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Here Are Potential Winners, And Losers, From California’s Minimum Wage Hikes

Here Are Potential Winners, And Losers, From California’s Minimum Wage Hikes

California’s new minimum wage requirements are being hailed by supporters who say workers must earn a “living wage,” but others fear the pay hikes will fuel layoffs, higher prices and more automation as businesses scramble to offset increased costs.

One thing is certain: No matter what side of the fence you’re on, there will be winners and losers. Here are a few of the biggest from both sides:


Fast-food workers, cashiers, parking lot attendants, security guards and others who are earning the state’s current minimum wage of $10 an hour are all getting raises.

Come 2017, their pay will rise to $10.50 and hour. The following year it will jump to $11 an hour, and it will keep on rising until it hits $15 an hour in 2022. All told, that’s a 50 percent increase.

But this comes with a caveat.

Economist Christopher Thornberg, a founding partner with Beacon Economics in Los Angeles, said minimum-wage workers with little experience will actually be at risk when the tiered pay hikes begin kicking in.

“The real effect will be felt by low-income workers,” he said. “Employers will start hiring more seniors and get rid of entry-level people. They’re going to say, ‘If I have to pay more money, I want experienced people.’ They just won’t hire someone without experience.”

Still, experts say low-paid workers who prove themselves and add value to a company could likely remain on board.


California’s biggest employers of minimum-wage workers will soon be facing increased costs. And those costs will have to be absorbed through higher prices, reduced employee hours, layoffs or automation. (Learn about Mexico's 48 hours work week and low-cost wages).

Bob Machuca, a senior regional manager with the Los Angeles County Economic Development Corp., said the apparel industry will definitely take a hit.

“A lot of small apparel shops that do manufacturing — the cut-and-sew companies that might employ five workers on the low side or about 20 on the high side — may cut back on hiring,” he said. “They may also lay off some workers.”

Economist Robert Kleinhenz, executive director of research for Beacon Economics, said some apparel businesses that employ minimum-wage employees will likely look to move out of state where worker costs aren’t as high. And that could damage the unique synergy of Southern California’s apparel industry.

“One of the benefits of doing business here in Southern California is that you can have the design as well as the fabrication of garments going on close together,” he said. “That allows companies to move fast and bring things to market more quickly.”

Yossi Kviatkovsky, owner of The Rack, a Woodland Hills restaurant/sports bar that employs 46 workers, said restaurants will be forced to boost their prices when the minimum wage begins rising.

“This will have a devastating effect for restaurants and it will be reflected in the future prices of food,” he said.


Thousands of employees who currently earn slightly more than California’s minimum wage could also see a boost in pay. Workers who are now earning $11 or $12 an hour are likely to expect a pay raise when they see others below them getting pay increases.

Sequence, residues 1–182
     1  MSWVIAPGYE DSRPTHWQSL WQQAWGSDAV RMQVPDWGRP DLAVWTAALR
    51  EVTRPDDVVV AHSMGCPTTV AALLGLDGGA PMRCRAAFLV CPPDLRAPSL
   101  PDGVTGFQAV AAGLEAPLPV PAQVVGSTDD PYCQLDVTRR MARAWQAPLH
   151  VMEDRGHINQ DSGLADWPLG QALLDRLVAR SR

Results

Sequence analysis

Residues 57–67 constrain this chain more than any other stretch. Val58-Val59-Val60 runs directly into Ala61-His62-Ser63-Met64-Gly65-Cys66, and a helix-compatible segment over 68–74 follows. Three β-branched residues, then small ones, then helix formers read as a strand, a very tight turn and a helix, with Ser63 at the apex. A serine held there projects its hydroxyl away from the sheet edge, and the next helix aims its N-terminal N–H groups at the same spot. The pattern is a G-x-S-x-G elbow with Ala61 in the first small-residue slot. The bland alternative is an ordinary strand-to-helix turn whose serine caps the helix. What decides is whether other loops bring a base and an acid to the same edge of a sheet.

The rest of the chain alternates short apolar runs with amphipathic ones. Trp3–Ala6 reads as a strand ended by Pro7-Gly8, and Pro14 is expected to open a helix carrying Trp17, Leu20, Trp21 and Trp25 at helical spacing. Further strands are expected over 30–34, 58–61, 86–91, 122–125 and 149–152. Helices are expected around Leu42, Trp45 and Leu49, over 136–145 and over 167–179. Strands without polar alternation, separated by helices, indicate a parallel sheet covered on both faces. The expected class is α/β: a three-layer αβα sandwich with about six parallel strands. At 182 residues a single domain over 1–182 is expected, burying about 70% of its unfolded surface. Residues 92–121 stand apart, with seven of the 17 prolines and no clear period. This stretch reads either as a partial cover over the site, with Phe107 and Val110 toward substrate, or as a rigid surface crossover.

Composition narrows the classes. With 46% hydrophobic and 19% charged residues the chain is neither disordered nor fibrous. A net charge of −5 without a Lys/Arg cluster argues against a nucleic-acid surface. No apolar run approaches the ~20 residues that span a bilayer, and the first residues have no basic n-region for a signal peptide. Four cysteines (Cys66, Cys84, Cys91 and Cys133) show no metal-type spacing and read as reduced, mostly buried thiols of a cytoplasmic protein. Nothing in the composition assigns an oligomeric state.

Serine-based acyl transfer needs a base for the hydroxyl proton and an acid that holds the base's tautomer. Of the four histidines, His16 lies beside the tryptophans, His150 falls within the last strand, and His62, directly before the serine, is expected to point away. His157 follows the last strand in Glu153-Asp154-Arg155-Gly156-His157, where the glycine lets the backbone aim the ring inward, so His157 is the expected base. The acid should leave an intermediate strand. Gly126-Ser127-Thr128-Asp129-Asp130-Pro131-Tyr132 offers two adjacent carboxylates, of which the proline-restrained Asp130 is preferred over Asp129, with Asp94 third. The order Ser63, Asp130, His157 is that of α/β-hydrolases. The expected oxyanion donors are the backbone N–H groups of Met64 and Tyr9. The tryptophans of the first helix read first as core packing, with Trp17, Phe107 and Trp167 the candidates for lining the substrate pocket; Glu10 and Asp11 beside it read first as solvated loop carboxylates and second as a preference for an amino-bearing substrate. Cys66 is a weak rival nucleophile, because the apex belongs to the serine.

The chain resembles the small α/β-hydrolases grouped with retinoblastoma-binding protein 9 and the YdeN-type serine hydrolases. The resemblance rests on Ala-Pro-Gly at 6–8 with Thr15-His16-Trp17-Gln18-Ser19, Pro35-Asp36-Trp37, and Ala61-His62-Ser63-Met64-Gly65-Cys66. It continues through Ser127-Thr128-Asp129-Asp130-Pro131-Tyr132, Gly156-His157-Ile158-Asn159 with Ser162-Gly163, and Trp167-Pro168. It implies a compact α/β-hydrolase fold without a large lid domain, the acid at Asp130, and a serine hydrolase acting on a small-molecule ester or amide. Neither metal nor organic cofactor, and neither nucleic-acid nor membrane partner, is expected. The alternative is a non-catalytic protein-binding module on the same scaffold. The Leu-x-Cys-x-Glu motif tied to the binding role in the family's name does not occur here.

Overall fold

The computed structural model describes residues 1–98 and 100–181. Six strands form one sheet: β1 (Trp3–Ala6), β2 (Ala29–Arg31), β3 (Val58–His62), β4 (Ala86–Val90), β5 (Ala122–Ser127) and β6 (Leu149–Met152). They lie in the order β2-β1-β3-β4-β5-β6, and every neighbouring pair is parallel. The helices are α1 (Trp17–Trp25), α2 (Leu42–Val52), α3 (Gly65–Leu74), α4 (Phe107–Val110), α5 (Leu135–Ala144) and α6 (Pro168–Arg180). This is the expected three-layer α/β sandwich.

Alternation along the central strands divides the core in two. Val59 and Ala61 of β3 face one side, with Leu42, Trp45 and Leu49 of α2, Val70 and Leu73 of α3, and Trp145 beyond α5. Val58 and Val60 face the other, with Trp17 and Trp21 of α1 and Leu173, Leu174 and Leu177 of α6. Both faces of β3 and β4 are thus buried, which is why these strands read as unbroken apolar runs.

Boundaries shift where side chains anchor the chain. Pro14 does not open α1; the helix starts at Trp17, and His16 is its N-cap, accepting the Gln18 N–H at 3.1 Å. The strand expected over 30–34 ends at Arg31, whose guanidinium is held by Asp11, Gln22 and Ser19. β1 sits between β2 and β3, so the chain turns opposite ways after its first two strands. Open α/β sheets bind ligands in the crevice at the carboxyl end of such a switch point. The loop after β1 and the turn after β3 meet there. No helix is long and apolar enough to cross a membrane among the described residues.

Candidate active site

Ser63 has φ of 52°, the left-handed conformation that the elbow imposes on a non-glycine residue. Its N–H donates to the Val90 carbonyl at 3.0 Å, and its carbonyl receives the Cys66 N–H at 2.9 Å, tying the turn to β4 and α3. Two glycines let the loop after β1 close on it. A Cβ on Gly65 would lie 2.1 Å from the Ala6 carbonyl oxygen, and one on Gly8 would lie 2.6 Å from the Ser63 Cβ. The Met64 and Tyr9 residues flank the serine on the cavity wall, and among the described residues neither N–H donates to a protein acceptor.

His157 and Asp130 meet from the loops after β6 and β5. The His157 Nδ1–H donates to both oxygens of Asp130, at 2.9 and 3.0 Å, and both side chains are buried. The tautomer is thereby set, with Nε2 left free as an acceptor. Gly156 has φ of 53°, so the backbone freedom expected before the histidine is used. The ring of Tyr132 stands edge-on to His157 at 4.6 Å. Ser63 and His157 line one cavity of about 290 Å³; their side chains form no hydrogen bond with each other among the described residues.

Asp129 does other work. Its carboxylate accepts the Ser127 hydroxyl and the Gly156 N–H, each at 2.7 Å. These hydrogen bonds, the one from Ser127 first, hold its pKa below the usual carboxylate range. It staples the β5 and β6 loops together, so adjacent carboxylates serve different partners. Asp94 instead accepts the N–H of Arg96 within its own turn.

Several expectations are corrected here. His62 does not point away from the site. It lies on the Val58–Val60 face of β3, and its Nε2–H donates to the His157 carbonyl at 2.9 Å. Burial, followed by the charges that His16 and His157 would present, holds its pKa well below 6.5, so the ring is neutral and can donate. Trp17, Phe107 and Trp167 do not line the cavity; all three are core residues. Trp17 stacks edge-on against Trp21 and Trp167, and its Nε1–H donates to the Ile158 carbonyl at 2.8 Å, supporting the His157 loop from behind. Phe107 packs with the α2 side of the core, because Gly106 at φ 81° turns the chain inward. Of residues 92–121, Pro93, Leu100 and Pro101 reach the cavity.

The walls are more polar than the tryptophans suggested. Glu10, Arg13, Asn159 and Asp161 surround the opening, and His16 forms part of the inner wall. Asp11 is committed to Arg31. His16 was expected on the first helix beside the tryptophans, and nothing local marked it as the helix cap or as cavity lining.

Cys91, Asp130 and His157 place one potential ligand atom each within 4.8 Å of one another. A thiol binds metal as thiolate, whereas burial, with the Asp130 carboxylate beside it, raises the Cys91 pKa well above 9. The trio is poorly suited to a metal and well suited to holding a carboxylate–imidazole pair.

And business owners will be obliged to give it to them.

“They will expect to get increases as well, and justifiably so,” said Paul Little, president and CEO of the Pasadena Chamber of Commerce. “This goes beyond the minimum wage. If you are making $12 an hour now, you’ll expect to make more than that. It’s called wage compression.”

The Center for Labor Research and Education at UC Berkeley looked into how many minimum-wage workers would be bumped up and how many others would get raises, too, and came up with the following totals: 1.9 million in Los Angeles County, 605,000 in Orange County, 339,000 in Riverside County and 331,000 in San Bernardino County.

Statewide, an estimated 5.6 million workers who either make minimum wage or more will see their pay rise as a result of the new law.


A study published in July 2008 in the Journal of Labor Research additionally reveals that minimum-wage hikes have a negative impact on job seekers. According to the study, a 10 percent increase in the minimum wage is associated with a 1 percent decline in retail trade employment and usual weekly hours worked.

David Neumark, a UC Irvine professor, agreed that some job losses will occur.

“I think the research evidence is overwhelming that a higher minimum wage causes some job loss for low-skilled workers,” he said via email. “I can say that it is very hard to find evidence that a higher minimum wage reduces poverty or spending on social programs, so it’s hard to make an argument for clear gains for those with lower incomes.”

Landlords also will benefit because the wage increases will enable more people to afford apartments, although a minimum-wage worker would likely have to be part of a two-income household in order to afford many apartments in Southern California.

SOURCE: Pasadena Star-News
By: Kevin Smith, San Gabriel Valley Tribune

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